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Study of Jazz Artists 2001 [United States]

Version
v0
Resource Type
Dataset : survey data
Creator
  • Jeffri, Joan (Columbia University. Teachers College. Research Center for Arts and Culture)
Other Title
  • Archival Version (Subtitle)
Publication Date
2015-03-31
Funding Reference
  • David and Lucile Packard Foundation
  • National Endowment for the Arts
  • Grammy Foundation
  • American Federation of Musicians
  • American Federation of Musicians Local 802
  • New Orleans Jazz and Heritage Foundation
  • Nathan Cummings Foundation
Language
English
Free Keywords
artist employment; artist unions; artists; arts; arts participation; employment; jazz; music; musicians; performing arts; wages and salaries
Description
  • Abstract

    The Study of Jazz Artists 2001 collected data on the working and living situations of jazz musicians in four cities -- New York, San Francisco, New Orleans, and Detroit. In each city, two surveys were conducted: A conventional random sample of musicians belonging to the American Federation of Musicians and a "respondent-driven sample" of jazz musicians. The American Federation of Musicians Survey collected data from 1,963 American Federation of Musicians members. Interviews were conducted by phone between March 13 and May 23, 2001, using a computer-assisted telephone interviewing system. For the Respondent-Driven Sample Survey, in-person interviews were completed with a total of 733 jazz musicians during the spring and summer of 2001.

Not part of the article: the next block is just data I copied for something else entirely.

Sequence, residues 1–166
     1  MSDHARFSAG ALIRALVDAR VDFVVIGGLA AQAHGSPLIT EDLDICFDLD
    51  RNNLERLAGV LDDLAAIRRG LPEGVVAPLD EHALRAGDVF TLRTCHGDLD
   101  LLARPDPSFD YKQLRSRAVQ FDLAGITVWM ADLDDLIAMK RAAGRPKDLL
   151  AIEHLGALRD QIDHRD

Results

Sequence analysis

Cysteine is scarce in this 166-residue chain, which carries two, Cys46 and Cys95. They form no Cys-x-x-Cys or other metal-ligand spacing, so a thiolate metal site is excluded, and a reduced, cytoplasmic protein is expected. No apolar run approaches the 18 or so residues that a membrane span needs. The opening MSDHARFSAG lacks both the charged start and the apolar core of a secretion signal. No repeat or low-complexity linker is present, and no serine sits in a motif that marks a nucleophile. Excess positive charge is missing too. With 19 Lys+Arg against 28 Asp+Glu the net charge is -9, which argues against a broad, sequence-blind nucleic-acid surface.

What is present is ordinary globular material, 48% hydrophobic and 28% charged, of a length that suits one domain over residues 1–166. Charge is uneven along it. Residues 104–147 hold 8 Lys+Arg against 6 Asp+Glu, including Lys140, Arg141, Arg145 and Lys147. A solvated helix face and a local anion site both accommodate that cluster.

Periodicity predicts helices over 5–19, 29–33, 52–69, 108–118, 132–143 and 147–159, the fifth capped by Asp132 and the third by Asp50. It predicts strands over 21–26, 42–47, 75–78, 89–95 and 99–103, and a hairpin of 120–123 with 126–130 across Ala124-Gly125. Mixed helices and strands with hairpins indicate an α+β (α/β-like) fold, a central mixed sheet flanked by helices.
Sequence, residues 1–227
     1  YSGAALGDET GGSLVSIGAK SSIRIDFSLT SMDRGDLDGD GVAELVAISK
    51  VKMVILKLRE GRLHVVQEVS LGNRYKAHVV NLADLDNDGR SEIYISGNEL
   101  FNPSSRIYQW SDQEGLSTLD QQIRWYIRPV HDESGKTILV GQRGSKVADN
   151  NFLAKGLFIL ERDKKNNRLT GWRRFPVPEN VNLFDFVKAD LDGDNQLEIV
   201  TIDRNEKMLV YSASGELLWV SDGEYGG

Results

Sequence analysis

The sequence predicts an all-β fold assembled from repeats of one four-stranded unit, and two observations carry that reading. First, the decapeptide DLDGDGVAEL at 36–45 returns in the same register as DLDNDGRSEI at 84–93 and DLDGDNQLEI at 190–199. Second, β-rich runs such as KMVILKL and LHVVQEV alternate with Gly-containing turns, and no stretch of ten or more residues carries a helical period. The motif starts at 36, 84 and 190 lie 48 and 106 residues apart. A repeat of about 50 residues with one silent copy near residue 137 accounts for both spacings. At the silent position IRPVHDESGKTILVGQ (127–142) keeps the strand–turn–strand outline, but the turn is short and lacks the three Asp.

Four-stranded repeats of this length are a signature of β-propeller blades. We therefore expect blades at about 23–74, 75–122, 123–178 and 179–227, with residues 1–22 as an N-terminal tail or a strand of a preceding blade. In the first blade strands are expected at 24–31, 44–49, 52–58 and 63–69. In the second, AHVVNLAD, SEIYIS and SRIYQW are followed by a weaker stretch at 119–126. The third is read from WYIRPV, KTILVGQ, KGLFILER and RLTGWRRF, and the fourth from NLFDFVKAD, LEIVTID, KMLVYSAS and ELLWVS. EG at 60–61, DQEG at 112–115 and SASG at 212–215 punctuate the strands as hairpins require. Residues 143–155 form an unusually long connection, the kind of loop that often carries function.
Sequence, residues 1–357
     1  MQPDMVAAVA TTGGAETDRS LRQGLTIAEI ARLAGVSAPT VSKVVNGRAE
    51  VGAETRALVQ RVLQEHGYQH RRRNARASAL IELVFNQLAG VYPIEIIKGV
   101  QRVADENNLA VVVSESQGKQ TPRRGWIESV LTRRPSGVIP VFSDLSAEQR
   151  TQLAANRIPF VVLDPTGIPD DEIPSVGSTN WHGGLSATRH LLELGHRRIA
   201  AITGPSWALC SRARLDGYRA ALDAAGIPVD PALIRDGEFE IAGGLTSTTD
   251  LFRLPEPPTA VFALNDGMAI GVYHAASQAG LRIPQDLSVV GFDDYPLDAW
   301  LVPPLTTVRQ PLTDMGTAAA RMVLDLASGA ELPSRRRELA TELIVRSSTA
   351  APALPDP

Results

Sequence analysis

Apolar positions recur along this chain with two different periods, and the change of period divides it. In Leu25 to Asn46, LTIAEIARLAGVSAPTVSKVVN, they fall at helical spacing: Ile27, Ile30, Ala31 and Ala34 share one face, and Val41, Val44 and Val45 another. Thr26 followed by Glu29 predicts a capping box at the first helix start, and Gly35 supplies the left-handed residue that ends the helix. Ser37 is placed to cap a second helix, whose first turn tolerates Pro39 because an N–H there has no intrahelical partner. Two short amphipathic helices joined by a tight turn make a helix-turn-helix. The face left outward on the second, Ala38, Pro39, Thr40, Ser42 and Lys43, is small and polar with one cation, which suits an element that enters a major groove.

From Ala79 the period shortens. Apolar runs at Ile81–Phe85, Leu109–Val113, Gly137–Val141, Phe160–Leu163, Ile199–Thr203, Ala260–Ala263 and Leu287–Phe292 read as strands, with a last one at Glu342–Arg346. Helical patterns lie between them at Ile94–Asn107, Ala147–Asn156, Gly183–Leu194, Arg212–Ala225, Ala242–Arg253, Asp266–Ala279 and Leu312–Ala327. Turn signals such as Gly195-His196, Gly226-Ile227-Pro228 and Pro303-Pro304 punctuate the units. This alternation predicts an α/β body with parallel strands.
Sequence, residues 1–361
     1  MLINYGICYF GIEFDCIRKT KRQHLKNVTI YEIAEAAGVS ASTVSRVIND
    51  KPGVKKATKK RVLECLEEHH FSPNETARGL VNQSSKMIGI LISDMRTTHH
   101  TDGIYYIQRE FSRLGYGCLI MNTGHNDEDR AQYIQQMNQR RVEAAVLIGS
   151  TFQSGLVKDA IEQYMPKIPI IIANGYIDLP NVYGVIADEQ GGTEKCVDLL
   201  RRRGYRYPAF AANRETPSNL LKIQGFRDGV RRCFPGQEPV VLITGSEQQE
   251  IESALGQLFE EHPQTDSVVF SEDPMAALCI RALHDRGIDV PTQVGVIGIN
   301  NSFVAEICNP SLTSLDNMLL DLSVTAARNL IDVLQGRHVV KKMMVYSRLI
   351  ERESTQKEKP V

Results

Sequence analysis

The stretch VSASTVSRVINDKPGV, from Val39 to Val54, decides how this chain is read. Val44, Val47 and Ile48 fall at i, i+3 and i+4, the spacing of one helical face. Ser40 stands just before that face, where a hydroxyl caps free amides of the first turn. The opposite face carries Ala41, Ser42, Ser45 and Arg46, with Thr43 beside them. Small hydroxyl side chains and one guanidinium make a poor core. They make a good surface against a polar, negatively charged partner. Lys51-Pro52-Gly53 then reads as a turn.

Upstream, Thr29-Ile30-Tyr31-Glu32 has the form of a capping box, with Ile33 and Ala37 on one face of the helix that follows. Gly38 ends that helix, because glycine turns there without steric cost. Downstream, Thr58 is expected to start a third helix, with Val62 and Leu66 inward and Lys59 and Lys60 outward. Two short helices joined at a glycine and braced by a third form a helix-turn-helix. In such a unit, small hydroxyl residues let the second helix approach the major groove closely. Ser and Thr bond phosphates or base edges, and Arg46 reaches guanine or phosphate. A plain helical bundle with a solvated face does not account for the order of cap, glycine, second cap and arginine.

• Abstract